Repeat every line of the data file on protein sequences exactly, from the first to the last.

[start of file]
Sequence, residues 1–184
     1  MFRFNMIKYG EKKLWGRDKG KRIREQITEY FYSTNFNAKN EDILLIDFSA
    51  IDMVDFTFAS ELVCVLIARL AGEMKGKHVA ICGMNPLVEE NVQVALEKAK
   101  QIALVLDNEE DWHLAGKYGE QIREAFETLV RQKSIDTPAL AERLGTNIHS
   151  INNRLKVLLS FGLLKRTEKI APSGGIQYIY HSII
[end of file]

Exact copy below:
Sequence, residues 1–184
     1  MFRFNMIKYG EKKLWGRDKG KRIREQITEY FYSTNFNAKN EDILLIDFSA
    51  IDMVDFTFAS ELVCVLIARL AGEMKGKHVA ICGMNPLVEE NVQVALEKAK
   101  QIALVLDNEE DWHLAGKYGE QIREAFETLV RQKSIDTPAL AERLGTNIHS
   151  INNRLKVLLS FGLLKRTEKI APSGGIQYIY HSII